Throughout the year, Rabbi Eliezer Krugliak is a teacher in Oholei Torah in Kfar Chabad. But when Pesach approaches, he becomes a dynamic shliach, campaigner, publicist and producer, with one goal: to bring the Moshiach seuda to every Jewish home. * In an interview with Beis Moshiach, R’ Krugliak tells how it all began, about the first Moshiach seuda, about a simple way to get people to fulfill this custom, about the Rebbe’s approach to strengthening this mivtza, and why specifically a Moshiach seuda. * Also, about a moving Moshiach seuda in the heart of the inferno in Jenin.
Entries in Pesach (42)
A personal diary recorded by R’ Saadia Maatuf, describing his year on k’vutza, from Nissan 5733-Iyar 5734. In his emotionally charged diary, he provides a unique perspective of a child of Yemenite immigrants to Eretz Yisroel coming to the Rebbe for the first time. * Part 1 – the first encounter with the Rebbe, the Rebbe’s visit on Seder night to the Seder held by the bachurim, kos shel bracha in the place of matzos for the residents of Bareket, the drama surrounding the yechidus for the shluchim to Australia and other observations from Nissan 5733 with the Rebbe.
Pirsum Rishon: In honor of the upcoming holiday of Pesach we present letters of the Rebbe to the American Joint Distribution Committee (JDC) in honor of the holiday of Pesach, and the response of the JDC to the Rebbe * The Rebbe’s Letters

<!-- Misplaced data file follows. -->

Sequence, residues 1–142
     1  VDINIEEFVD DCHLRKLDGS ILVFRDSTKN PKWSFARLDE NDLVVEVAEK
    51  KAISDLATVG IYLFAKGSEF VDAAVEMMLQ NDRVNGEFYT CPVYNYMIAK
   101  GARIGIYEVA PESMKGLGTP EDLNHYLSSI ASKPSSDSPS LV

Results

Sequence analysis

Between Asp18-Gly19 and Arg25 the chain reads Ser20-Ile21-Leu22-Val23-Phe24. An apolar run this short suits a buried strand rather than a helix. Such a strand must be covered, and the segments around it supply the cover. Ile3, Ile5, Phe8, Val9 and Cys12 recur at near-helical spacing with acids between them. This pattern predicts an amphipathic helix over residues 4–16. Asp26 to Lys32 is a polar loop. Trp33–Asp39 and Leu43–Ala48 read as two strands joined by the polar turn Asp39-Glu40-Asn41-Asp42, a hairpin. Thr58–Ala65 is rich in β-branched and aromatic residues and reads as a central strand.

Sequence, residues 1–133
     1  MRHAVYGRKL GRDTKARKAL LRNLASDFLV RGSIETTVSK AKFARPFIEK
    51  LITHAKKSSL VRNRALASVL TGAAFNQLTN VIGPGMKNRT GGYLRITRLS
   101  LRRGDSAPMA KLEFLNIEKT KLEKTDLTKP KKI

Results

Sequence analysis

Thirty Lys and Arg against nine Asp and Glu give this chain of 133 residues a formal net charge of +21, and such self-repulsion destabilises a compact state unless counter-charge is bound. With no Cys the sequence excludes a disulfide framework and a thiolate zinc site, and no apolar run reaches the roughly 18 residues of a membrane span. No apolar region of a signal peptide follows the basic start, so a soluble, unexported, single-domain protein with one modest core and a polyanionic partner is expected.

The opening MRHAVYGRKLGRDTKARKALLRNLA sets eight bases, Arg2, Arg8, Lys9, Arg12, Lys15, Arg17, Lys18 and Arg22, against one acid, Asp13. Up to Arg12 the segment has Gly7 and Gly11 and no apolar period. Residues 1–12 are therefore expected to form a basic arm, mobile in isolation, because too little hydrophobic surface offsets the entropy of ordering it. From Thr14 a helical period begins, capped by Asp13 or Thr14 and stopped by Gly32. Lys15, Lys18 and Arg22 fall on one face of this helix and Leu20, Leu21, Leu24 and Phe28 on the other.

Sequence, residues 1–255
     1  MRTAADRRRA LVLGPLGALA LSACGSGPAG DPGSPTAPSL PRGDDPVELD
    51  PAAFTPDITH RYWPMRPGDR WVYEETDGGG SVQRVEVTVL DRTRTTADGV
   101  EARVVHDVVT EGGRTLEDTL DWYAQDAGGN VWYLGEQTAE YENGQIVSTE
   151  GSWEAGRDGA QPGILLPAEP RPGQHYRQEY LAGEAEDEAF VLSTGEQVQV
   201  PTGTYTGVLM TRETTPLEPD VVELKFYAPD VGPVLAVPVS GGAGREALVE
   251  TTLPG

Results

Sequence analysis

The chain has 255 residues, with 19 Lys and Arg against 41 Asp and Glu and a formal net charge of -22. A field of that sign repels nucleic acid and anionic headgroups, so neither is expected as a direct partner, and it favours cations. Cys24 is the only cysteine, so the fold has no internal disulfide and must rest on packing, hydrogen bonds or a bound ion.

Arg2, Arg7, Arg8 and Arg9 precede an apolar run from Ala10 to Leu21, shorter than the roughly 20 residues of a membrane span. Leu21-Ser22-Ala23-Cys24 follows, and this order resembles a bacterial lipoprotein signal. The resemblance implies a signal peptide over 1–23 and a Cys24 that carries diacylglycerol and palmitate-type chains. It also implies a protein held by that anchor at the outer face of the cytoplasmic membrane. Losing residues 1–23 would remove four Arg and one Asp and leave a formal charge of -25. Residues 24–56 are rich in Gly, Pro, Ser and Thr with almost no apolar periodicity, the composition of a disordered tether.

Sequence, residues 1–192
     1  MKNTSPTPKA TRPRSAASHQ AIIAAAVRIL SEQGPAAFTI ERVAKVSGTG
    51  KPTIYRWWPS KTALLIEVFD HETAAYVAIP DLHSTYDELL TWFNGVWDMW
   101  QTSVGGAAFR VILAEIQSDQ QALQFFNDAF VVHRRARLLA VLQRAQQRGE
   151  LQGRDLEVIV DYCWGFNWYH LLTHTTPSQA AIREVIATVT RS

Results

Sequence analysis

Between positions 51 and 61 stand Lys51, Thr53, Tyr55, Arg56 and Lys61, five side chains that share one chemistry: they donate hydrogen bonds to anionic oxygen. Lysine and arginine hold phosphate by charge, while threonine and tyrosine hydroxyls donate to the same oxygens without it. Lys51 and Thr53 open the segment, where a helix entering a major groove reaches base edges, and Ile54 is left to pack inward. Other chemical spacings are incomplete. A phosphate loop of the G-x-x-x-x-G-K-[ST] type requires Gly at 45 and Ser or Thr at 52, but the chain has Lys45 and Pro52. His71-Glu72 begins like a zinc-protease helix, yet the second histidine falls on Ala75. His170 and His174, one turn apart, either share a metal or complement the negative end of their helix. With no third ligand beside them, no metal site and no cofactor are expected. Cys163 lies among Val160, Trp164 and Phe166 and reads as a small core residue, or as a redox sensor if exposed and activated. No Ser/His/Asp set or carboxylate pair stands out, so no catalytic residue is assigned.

Certain foods require bishul Yisroel (cooking by a Jew)* to retain their kosher status. The manner in which many kashrus agencies adhere to this standard is by having a Torah-observant Jew turn on the oven at the beginning of the workday, thereby aiding in the cooking process, thus rendering all food cooked during that cooking cycle bishul Yisroel.
What is the food that can be the sweetest thing you eat on Pesach? Matza from the Rebbe, of course! Imagine this, children, matza from the Rebbe for seder night! Today it seems like a sweet dream, but not that many years ago this dream was reality.
This Shabbos, Parshas Tazria, is also Rosh Chodesh Nissan, the month of redemption. In shul we read Parshas HaChodesh, which tells about Hashem’s words to Moshe in Egypt two weeks before the Exodus. Hashem instructed us to set the Jewish calendar by the monthly new moon and to regard Nissan as the “head of months.” G‑d also instructed the Jewish nation to bring the Passover offering, to eat it with matza and bitter herbs, and to abstain from leaven for seven days.
The month of Nissan had arrived. Preparations were being made for the upcoming Holiday of Freedom. Diligent women worked to clean their homes of the final crumbs of chametz while their husbands were busy baking matzos.
Each school would endeavor and seek to equate the name (of their Rebbi) with “Moshiach,” which is an acronym for “Menachem, Shilo, Yinon, Chanina” [spelling the word “Moshiach”], for even in the time of exile there is Moshiach.
At the end of the farbrengen, the Rebbe shlita spoke, with great emotion and amidst tears, saying that with regard to the Rebbe Rayatz one shouldn’t use the expression “nishmaso b’ginzei m’romim – his soul is in the treasuries of heaven”
We met with R’ Boaz Jurkowicz, rav of the Chabad community in Lud, for a talk about preparing for Pesach. He spoke about doing the preparations without stress or arguments; about spiritual preparations for Yom Tov; about the extra care taken on Pesach; and about the joy of the Yom Tov.
The unforgettable Pesach night with the Rebbe began one day in Nissan of 5724/1964 when R’ Moshe Leib Rodstein, the secretary of the Rebbe Rayatz and later the Rebbe’s secretary, asked me, “Are you interested in working upstairs?”